The Berau coastal area consists of a mangrove delta, coral reefs and a shallow sea. Attracted by its rich marine biodiversity, Bajau families have migrated to the islands and coastal villages of Berau since at least as early as 1919, coming mostly from the Southern Philippines and Sabah (Malaysian Borneo) (Krom 1940; Pauwelussen 2016). Although some people have moved inland, most Bajau still sustain a close relationship to the sea, and the condition and rhythm of the sea pervades almost every aspect of community life, such as household activities, life-cycle rituals, and culinary practice. Bajau fishers are skilled in line-, net-, and spear fishing over reefs, along with manual collection of marine species at low tide, and braving the open sea to catch pelagic fish offshore. In Berau, these fishing techniques are complemented nowadays by the use of bombs and poison (blast fishing and cyanide fishing) (Pauwelussen 2015). Manual collection of marine species at low tide is referred to in the literature as (reef) gleaning; a fishing activity introduced earlier in this chapter. While in Bahasa Indonesia this activity is generally translated as berkarang (karang referring to coral or coral reef) the local Bajau term for gleaning “nebah”, nubba in Eastern Indonesia (Gaynor 2010: 84), includes also the gathering of marine animals and plants from sand banks, beaches and mangroves.

In Berau, as in most other places, women take the lead in reef gleaning. They are particularly skilled in identifying and assembling a wide array of edible and/or usable produce from different tidal marine ecosystems. Whereas men and boys do join some gleaning expeditions, ‘tending the sea- or coral garden’ is referred to as a typical women’s job. As a village elder and spiritual leader on one of the islands explained in an interview: “(for us Bajau) The coral reefs are the gardens of women. We men go to the sea, while our women tend to their garden”. This tending includes using the proper spells and offerings to nourish relations with the sea spirits that dwell in these gleaning places.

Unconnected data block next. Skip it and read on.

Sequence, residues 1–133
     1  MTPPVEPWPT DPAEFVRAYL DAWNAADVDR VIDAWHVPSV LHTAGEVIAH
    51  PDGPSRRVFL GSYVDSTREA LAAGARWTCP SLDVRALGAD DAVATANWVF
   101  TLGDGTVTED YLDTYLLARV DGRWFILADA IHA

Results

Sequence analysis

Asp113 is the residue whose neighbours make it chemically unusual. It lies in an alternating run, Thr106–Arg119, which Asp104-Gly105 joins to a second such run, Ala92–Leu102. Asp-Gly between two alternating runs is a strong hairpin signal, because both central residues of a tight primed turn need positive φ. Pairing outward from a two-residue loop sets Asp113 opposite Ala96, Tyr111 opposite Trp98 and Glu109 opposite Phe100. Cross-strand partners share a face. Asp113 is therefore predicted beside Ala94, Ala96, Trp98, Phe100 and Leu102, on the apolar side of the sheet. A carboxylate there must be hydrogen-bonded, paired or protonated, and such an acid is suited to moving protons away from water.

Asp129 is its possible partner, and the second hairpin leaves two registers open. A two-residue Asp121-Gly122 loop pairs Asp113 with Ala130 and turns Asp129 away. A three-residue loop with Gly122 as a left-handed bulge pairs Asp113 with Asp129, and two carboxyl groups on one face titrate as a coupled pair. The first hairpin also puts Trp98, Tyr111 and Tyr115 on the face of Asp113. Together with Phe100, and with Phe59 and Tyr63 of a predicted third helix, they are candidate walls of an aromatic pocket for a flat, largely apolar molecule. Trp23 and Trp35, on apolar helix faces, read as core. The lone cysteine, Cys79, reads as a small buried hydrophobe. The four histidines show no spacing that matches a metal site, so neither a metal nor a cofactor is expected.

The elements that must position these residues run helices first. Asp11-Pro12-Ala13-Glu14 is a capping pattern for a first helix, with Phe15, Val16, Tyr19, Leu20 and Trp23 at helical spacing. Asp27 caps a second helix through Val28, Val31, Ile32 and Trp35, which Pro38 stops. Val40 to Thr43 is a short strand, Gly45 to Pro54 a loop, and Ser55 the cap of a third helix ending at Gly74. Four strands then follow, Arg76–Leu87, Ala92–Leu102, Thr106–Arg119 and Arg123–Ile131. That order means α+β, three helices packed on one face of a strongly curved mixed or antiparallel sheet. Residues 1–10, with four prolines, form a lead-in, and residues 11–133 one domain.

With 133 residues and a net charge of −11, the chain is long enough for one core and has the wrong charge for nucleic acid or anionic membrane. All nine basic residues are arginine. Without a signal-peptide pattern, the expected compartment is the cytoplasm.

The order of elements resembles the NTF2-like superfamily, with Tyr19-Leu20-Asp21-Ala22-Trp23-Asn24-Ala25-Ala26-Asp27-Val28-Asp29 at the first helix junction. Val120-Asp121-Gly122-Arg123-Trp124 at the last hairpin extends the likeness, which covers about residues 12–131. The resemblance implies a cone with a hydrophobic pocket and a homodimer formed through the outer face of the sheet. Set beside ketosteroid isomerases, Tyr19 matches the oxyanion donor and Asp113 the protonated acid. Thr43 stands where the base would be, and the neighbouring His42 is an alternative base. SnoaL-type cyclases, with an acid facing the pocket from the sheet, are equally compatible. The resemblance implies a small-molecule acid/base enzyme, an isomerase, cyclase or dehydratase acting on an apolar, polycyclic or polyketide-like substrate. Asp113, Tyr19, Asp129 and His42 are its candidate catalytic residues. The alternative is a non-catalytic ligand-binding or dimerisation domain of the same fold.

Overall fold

A highly valued resource collected from Berau’s coral reefs for both subsistence and market demands is the giant clam, or kima. Raw or cooked, it is part of traditional Bajau cuisine, and a vital ingredient for Bajau wedding ceremony banquets. While Bajau communities all over Berau consume kima, it is particularly on the islands that the collection of these marine creatures has taken a commercial turn. Along the coast, they are among the most sought-after marine resources by traders buying for Malaysian-Chinese markets. The animal’s adductor muscle is highly valued by Chinese, because of its purported aphrodisiac properties.

It is important to note that the collection and exchange of kima for commercial purposes is officially prohibited in Indonesia,1 and it has been given the status of ‘vulnerable species’ (VU – A2cd) in the 2004 IUCN Red List of Threatened Species (Baillie et al. 2004). As Berau’s delta has by now been stripped of most large specimens (some species can measure up to more than one meter in diameter), the major part of kima yield nowadays consists of smaller animals (10–15 cm on average) nested in shallow reefs.

While staying in the Berau coastal zone for over a year,2 one of the authors was able to observe the ways in which kima collection is organized. Generally, older women prefer to use an individual canoe to peddle from the island to a nearby reef, alone or with one or two other women in their own canoes. After a day of collecting clams they return home. There are also married couples (sometimes accompanied by children) that use a small boat to gather on reefs further away from the island. They are usually gone for 1 or 2 weeks, sleeping and eating on the boat, and collecting a range of different animals for trade and consumption. The household-based gleaning trips resemble the Bajau fishing expeditions in the 1960s in Sabah (Malaysia), described by Sather (1997). There is also an increase of commercially organized kima gleaning trips in Berau which resembles the turn towards niche species by Bajau women described by Gaynor (2010). According to Gaynor this has led to new social relations of production, in which Bajau women gather increasingly scarce resources, such as kima, for international trade, often becoming indebted to traders in the process. The commercially organized kima-collecting trips in Berau are carried out by groups of eight to ten women (occasionally, a man joins) on a boat owned by a local trader and credit supplier. In these arrangements the trader (mostly a married couple) provides the collectors with a boat and fuel, and in exchange the women are obliged to sell their catch to them. Thereby, the arrangement becomes a form of patron-client relationship, common among Berau’s coastal communities (Gunawan 2012), especially when the trader facilitates credit loans in exchange for (future) catch.